ExxonMobil buys damaged Plains All American oil pipeline
For more than seven years, ExxonMobil has left its oil in the ground off the coast of Santa Barbara County, with no way to transport it since the rupture of Plains All American’s pipeline near Refugio State Beach.
Now ExxonMobil will take a shot at moving the oil itself, after purchasing the broken pipeline from Plains All American. The deal closed Oct. 13 and covers pipelines 901 and 903, which are two different segments of the line that connects the Gaviota Coast with Kern County to the northeast.
The companies did not disclose any financial details and did make representatives available for interviews about the sale.
Steve Greig, Plains All American’s director of government affairs, said in a statement emailed to the Business Times that the sale is a “mutually beneficial transaction” that “aligns with our strategy of supporting customers while exercising capital discipline.”
Julie King, a spokesperson for ExxonMobil, told the Business Times in an email that the company “will conduct a thorough inspection of the pipelines to determine how to safely and responsibly return them to service.”
Before the 2015 Refugio oil spill, Plains All American’s pipeline carried oil from offshore drilling platforms, including three owned by ExxonMobil, to processing facilities in Kern County.
The pipeline has been out of operation since the spill, and with no way to transport oil, ExxonMobil’s platforms have been shut down, too. In March, the Santa Barbara County Board of Supervisors rejected ExxonMobil’s proposal to move its oil by truck instead.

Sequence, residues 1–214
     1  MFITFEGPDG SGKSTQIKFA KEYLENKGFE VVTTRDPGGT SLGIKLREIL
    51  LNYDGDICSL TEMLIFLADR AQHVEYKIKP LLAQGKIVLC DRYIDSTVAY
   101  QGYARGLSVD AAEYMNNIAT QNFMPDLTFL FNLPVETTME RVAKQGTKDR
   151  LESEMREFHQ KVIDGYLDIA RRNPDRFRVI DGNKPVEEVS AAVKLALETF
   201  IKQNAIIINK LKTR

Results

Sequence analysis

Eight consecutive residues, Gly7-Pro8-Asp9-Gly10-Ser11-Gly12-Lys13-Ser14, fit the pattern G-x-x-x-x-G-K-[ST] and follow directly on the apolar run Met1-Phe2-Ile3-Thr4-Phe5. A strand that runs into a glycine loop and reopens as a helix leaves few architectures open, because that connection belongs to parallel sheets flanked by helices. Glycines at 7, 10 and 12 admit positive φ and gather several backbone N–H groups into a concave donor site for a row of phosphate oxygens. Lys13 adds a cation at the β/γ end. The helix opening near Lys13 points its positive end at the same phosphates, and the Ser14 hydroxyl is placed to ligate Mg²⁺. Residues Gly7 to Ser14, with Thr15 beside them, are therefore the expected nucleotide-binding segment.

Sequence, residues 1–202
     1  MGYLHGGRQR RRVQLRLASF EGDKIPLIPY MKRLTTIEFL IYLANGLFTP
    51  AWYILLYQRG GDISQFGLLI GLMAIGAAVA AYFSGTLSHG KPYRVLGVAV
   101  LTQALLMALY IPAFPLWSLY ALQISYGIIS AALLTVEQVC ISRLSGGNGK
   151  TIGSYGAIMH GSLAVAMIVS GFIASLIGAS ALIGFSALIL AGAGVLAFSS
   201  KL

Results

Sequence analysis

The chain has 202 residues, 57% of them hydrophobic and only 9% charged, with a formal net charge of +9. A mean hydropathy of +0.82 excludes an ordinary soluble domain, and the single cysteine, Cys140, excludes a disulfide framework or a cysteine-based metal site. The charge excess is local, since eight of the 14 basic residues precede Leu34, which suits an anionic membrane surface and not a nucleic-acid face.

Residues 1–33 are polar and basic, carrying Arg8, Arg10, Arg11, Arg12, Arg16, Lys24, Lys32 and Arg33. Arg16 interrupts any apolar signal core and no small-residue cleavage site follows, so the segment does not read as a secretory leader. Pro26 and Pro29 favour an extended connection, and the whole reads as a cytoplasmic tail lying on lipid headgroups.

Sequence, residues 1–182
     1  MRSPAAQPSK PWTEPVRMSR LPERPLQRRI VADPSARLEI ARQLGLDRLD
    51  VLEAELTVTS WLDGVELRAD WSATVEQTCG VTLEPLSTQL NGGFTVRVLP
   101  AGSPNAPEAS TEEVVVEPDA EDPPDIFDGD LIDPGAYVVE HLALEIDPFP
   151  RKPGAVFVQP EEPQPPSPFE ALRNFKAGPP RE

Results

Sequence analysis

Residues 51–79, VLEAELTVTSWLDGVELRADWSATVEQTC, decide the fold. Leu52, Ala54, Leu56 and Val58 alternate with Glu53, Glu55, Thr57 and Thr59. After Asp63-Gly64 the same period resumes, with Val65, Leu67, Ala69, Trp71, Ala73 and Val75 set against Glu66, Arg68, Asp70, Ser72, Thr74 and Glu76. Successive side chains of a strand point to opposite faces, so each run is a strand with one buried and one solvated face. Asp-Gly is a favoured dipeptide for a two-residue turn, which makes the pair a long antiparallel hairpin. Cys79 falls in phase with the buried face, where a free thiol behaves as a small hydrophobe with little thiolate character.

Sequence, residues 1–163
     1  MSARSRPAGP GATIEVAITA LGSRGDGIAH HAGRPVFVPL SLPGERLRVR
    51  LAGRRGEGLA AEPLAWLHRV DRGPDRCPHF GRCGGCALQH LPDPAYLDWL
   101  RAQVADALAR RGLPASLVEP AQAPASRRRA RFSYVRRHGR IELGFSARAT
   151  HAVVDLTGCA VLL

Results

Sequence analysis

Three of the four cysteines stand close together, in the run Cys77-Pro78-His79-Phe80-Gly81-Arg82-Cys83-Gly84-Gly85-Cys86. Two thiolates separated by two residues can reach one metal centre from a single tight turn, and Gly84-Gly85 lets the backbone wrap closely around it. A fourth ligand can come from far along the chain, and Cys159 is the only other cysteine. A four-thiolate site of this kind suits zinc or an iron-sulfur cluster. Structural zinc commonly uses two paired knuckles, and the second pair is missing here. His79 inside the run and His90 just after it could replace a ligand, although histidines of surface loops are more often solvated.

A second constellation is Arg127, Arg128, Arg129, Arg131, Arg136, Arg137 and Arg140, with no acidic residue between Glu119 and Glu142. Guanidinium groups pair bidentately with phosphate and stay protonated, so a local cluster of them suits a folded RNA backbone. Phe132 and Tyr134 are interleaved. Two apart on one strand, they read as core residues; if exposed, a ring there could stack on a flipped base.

Plains All American was in the midst of a permit application with the county of Santa Barbara on a plan to rebuild and reopen the pipeline. ExxonMobil will now take over that proposal.
Lisa Plowman, the county’s director of planning and development, said the environmental impact report for the pipeline proposal is “about 80% to 90% done.” Once it’s finished, it will be publicly released and the county’s review process will begin.
The Planning Commission will vote to approve or deny the application, with the Board of Supervisors making the final decision if either side appeals — an appeal that Plowman said will “undoubtedly” happen, whichever way the Planning Commission votes.
Plowman said she doesn’t expect the change of ownership to change the process much. If anything, it could speed things up, since Plains All American has been “a little bit slow to respond to our requests,” she said.
“The process was taking a little more time than we had hoped or expected,” Plowman said. “With Exxon, they have a lot more at stake.”
Without any publicly known details of the sale, “it’s hard to understand” whether it changes the legal situation and whether ExxonMobil is taking on any potential liability, said Leila Noël, an attorney with Cappello and Noël in Santa Barbara who represents plaintiffs in lawsuits against Plains All American.
Plains All American has already agreed to pay $230 million to settle claims from property owners, commercial fishing businesses and others harmed by the spill, along with $60 million in a civil settlement with the U.S. Department of Justice. There are other cases still ongoing, including a criminal restitution case and one regarding easements for a potential replacement pipeline, Noël said.
She expects ExxonMobil to be more motivated than Plains All American was to get the pipeline replaced. And it will need to be replaced, she said, since it is comparable to “Swiss cheese” in its current state.
“Exxon has every reason to want to get the new pipeline in,” Noël said. “They need to have a way to transport their oil.”